The lungs can be affected by numerous pathologic processes, including inflammation (allergic, infectious, autoimmune, toxic), vascular insults, fibrosis, carcinoma, and changes resulting from cardiac or musculoskeletal problems. The functional consequences of the pathology can be divided into obstructive ventilatory functions and restrictive ventilatory functions.
Symptoms of lung disease include dyspnea, cough, and wheezing. Dyspnea develops when the demand for gas exchange exceeds the capacity of the respiratory system, as in hypoxemia or hypercapnia. Dyspnea may also reflect the increased work of breathing, as occurs in cases of airway obstruction or reduced compliance of the lungs or chest. Cough develops when mucus, inflammatory debris, or irritants stimulate the bronchi, causing reflex clearing expectoration, or when the lung parenchyma is infiltrated with fluid, cells, or fibrosis. Wheezing occurs when bronchospasm narrows the large airways and exhaled air is forced through narrowed passages.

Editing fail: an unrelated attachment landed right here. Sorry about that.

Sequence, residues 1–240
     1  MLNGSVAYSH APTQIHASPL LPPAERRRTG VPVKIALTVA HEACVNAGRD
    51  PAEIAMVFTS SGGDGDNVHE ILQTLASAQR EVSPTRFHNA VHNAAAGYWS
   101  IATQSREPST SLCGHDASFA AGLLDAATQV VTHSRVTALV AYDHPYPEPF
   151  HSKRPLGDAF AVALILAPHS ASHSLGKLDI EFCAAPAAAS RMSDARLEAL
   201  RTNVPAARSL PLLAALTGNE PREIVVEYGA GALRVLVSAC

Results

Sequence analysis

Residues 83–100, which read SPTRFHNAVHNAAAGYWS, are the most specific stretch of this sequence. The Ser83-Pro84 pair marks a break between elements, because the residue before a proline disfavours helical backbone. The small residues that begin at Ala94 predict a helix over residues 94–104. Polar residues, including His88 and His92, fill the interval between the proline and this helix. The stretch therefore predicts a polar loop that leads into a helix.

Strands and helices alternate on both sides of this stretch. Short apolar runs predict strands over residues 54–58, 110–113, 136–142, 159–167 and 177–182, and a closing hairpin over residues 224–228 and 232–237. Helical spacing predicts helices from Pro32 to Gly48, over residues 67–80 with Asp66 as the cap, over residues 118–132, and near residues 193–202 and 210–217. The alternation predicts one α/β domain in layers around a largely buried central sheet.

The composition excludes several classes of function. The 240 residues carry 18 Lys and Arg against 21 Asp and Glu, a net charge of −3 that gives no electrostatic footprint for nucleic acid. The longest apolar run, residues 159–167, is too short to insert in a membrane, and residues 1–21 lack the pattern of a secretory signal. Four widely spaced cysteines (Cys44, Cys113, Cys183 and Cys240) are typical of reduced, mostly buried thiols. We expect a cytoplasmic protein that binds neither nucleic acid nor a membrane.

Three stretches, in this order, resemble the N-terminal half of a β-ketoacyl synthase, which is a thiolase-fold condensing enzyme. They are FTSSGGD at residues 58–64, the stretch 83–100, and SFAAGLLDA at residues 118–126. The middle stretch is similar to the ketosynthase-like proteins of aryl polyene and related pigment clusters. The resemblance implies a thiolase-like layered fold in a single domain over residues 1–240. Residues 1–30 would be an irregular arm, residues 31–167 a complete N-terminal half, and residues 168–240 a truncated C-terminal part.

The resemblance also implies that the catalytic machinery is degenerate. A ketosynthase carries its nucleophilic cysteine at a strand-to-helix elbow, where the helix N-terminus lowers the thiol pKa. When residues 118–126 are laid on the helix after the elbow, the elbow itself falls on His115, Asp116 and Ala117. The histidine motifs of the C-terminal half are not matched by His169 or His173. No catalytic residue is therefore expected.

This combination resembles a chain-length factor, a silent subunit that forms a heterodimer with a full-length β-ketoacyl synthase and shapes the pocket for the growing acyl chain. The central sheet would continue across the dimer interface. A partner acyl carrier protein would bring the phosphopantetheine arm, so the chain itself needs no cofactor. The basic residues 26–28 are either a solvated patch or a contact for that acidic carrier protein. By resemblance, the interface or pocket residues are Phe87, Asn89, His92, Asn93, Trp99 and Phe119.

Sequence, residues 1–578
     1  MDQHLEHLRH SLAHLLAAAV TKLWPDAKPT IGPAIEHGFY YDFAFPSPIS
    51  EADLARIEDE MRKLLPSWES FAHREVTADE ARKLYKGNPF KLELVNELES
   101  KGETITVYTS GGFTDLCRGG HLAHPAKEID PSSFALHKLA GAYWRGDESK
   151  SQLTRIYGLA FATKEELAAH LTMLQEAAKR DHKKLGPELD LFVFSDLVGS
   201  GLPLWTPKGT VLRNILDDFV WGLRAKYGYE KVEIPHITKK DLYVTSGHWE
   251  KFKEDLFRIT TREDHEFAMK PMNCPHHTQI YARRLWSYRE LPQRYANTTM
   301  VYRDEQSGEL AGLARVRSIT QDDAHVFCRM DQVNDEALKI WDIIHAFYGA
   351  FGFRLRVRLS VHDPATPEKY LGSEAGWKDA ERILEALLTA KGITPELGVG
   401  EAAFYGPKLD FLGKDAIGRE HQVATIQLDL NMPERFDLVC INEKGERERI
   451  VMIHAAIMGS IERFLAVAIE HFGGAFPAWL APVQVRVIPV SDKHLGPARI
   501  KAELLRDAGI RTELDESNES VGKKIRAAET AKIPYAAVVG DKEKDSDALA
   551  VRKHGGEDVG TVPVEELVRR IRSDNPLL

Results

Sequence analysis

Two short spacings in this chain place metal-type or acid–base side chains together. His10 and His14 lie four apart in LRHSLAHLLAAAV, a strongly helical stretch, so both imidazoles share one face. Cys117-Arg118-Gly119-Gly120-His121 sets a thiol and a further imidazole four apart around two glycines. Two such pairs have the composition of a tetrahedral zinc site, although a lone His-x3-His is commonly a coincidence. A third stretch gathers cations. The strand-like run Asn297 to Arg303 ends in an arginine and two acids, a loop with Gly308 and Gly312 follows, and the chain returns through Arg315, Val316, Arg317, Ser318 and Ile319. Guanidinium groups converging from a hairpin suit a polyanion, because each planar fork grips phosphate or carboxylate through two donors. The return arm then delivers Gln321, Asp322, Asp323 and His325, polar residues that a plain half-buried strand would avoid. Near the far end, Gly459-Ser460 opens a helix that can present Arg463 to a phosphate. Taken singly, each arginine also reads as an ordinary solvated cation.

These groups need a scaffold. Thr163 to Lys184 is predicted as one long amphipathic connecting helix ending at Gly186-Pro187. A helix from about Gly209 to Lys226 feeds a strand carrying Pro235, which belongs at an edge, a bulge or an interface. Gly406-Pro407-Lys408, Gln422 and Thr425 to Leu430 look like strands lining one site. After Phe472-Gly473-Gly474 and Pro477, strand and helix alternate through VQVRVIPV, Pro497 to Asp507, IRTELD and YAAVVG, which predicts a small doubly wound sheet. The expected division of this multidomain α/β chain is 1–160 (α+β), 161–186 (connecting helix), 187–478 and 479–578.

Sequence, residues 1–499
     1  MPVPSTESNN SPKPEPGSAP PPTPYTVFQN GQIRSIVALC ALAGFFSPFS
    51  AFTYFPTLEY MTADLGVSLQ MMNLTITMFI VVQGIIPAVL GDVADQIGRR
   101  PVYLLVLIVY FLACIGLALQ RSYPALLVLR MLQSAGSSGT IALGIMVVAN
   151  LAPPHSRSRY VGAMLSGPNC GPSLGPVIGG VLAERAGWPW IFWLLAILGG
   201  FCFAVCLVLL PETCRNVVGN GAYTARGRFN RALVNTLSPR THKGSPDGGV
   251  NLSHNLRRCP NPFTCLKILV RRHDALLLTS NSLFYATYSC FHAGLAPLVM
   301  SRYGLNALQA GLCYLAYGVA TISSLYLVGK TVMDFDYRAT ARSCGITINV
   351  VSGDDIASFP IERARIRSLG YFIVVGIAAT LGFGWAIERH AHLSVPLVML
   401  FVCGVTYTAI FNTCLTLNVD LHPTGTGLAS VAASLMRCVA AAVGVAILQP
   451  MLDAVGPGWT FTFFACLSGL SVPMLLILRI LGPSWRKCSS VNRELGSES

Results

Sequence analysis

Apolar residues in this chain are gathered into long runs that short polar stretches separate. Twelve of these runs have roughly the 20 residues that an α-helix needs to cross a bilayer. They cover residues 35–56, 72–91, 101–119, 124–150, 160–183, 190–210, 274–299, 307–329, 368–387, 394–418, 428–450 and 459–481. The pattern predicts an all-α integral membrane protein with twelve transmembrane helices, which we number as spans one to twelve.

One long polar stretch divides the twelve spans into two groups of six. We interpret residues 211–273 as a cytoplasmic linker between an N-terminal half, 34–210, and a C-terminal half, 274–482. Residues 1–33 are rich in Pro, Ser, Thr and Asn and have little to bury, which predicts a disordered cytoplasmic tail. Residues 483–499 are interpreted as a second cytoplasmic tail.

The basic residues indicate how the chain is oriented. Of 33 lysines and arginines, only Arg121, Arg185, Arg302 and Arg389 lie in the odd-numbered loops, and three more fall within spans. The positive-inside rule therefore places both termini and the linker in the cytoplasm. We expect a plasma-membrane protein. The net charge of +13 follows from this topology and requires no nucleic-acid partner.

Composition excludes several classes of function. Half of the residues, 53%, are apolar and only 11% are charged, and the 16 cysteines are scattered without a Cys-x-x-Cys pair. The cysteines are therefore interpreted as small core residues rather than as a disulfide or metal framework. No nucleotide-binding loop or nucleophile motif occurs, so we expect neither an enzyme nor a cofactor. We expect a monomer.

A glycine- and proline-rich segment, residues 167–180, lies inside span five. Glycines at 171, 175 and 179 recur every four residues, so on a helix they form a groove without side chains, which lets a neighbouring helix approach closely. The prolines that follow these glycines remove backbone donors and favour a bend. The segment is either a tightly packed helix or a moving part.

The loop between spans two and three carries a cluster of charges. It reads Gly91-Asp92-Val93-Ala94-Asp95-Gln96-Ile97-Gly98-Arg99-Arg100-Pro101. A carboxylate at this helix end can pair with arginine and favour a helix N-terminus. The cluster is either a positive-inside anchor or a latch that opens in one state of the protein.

Excerpted from BCSC 2020-2021 series: Section 1 - Update on General Medicine. For more information and to purchase the entire series, please visit https://www.aao.org/bcsc.